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UBC Theses and Dissertations

Navigating hybrid global policy contexts : a phenomenological study of market-oriented education policy enactments among administrators of international education programs Cover, Dwayne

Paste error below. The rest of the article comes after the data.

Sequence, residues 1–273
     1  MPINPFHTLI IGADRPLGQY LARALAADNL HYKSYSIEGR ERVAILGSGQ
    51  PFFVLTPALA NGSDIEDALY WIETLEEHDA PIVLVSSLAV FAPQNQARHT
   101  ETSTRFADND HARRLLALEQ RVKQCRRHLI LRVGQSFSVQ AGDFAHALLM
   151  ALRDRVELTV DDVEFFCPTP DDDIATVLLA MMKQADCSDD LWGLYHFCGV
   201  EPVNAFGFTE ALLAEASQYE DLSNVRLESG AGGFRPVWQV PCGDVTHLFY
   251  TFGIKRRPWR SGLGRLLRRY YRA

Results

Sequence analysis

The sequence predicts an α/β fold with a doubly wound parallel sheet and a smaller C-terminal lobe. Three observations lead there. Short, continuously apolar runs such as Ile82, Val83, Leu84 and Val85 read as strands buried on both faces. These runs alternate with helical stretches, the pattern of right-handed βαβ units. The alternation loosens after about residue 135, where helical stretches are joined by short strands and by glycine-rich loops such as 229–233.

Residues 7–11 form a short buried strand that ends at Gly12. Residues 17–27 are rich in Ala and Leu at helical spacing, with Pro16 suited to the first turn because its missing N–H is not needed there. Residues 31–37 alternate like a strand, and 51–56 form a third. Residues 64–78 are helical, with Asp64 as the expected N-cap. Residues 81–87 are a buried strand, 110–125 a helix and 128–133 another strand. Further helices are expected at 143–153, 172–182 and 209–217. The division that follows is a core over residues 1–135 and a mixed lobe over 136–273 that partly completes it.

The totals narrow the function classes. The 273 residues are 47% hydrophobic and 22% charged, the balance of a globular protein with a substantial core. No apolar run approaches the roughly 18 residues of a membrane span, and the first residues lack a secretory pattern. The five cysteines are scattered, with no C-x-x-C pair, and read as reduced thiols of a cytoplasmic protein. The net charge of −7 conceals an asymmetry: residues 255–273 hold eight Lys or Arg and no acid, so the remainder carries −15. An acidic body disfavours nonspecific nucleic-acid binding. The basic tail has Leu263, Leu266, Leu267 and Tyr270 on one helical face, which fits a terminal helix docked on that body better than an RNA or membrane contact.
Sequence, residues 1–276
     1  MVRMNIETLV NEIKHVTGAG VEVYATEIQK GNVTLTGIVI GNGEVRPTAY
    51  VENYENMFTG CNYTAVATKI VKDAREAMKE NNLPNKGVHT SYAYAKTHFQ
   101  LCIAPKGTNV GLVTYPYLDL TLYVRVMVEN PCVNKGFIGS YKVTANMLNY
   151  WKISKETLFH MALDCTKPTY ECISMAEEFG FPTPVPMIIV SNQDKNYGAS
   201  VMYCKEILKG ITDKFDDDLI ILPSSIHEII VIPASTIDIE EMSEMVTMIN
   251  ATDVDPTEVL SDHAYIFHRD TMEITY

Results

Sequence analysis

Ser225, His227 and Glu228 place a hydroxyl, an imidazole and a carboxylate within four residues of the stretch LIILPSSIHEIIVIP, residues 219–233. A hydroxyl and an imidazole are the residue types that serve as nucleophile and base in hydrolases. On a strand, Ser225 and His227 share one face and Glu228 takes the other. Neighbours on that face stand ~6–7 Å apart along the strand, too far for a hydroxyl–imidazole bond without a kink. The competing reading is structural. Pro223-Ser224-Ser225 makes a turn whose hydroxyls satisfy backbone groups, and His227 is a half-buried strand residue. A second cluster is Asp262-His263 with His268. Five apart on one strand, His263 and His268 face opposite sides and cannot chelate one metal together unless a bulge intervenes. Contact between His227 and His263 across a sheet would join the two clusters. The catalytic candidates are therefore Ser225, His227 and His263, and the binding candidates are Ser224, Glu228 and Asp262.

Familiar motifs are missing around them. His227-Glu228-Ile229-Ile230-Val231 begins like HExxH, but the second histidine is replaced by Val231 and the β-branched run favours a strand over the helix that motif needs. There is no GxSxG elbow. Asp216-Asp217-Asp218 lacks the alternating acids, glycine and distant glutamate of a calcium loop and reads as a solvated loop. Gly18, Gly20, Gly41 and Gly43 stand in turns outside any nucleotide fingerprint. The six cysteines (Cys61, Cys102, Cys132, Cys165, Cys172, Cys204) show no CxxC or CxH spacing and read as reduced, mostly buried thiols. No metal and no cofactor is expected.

Market-oriented education policies (MOEPs) are becoming increasingly prevalent in public education contexts around the world. However, there is a paucity of study on how public education administrators experience and understand MOEPs enacted within these spaces. In this thesis, I examine how administrators experience and navigate increasingly competitive environments and evolving political economies in school districts contexts. I focus on the cultural, political, economic, and administrative contingencies faced by administrators of International Education (IE) programs in the Canadian province of British Columbia (B.C.). These programs, which have proliferated over the past two decades, are viewed as revenue-generating activities that do not seem to fit well within public school districts. In this study I take a policy sociology approach employing the Policy Enactment Analytic from the work of Stephen Ball, Meg Maguire, and Annette Braun to analyze how policies play out in specific educational contexts. I also draw upon Ball’s work, which positions education policy as dynamic and malleable, keyed by individual policy actors operating within complex networks, and Susan Robertson’s research on globalization and education policy. I utilize phenomenology to explore administrators’ experiences with MOEPs. Data is collected through interviews with five administrators from B.C. school districts and independent schools. Administrators identify the emergence of “hybrid policy spaces” in MOEP enactment that opens district policy jurisdictions to market forces from international and global scales. These spaces reveal how the dynamics associated with competing priorities and pressures ultimately reconfigures and reshapes administrators’ roles and professional identities within public education settings. These dynamics also have cultural implications, which were somewhat unexpected. For instance, “interculturalization” was a prominent thread weaving through the administrators’ experiences, regardless of district context or individual background. The emergence of these hybrid policy spaces raises questions regarding the scope and magnitude of the impacts of MOEPs on public education. Additionally, the prominence of cultural implications as a strong theme within these policy enactments suggests that economics should not be the lone consideration in attempting to study and better understand the evolving policy landscape.

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